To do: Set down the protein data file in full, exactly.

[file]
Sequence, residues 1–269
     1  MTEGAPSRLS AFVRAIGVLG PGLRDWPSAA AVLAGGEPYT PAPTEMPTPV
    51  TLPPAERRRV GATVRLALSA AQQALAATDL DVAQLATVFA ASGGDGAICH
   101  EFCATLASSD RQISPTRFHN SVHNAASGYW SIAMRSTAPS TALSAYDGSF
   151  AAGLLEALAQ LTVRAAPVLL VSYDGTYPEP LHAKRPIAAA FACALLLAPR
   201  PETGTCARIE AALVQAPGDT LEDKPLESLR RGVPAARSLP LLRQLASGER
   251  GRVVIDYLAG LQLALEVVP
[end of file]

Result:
Sequence, residues 1–269
     1  MTEGAPSRLS AFVRAIGVLG PGLRDWPSAA AVLAGGEPYT PAPTEMPTPV
    51  TLPPAERRRV GATVRLALSA AQQALAATDL DVAQLATVFA ASGGDGAICH
   101  EFCATLASSD RQISPTRFHN SVHNAASGYW SIAMRSTAPS TALSAYDGSF
   151  AAGLLEALAQ LTVRAAPVLL VSYDGTYPEP LHAKRPIAAA FACALLLAPR
   201  PETGTCARIE AALVQAPGDT LEDKPLESLR RGVPAARSLP LLRQLASGER
   251  GRVVIDYLAG LQLALEVVP